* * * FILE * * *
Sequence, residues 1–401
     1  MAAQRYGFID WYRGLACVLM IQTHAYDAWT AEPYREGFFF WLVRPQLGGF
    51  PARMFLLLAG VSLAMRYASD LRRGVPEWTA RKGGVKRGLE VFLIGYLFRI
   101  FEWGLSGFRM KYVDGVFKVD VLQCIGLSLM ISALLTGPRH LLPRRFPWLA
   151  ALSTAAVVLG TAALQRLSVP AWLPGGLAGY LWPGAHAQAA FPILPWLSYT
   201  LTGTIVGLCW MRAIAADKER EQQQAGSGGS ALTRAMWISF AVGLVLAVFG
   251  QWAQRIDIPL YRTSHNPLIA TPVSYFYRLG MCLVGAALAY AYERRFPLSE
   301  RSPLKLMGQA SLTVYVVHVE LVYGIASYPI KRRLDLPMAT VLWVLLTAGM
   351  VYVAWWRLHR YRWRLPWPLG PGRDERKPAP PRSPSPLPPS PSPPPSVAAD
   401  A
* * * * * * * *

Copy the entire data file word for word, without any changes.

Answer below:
Sequence, residues 1–401
     1  MAAQRYGFID WYRGLACVLM IQTHAYDAWT AEPYREGFFF WLVRPQLGGF
    51  PARMFLLLAG VSLAMRYASD LRRGVPEWTA RKGGVKRGLE VFLIGYLFRI
   101  FEWGLSGFRM KYVDGVFKVD VLQCIGLSLM ISALLTGPRH LLPRRFPWLA
   151  ALSTAAVVLG TAALQRLSVP AWLPGGLAGY LWPGAHAQAA FPILPWLSYT
   201  LTGTIVGLCW MRAIAADKER EQQQAGSGGS ALTRAMWISF AVGLVLAVFG
   251  QWAQRIDIPL YRTSHNPLIA TPVSYFYRLG MCLVGAALAY AYERRFPLSE
   301  RSPLKLMGQA SLTVYVVHVE LVYGIASYPI KRRLDLPMAT VLWVLLTAGM
   351  VYVAWWRLHR YRWRLPWPLG PGRDERKPAP PRSPSPLPPS PSPPPSVAAD
   401  A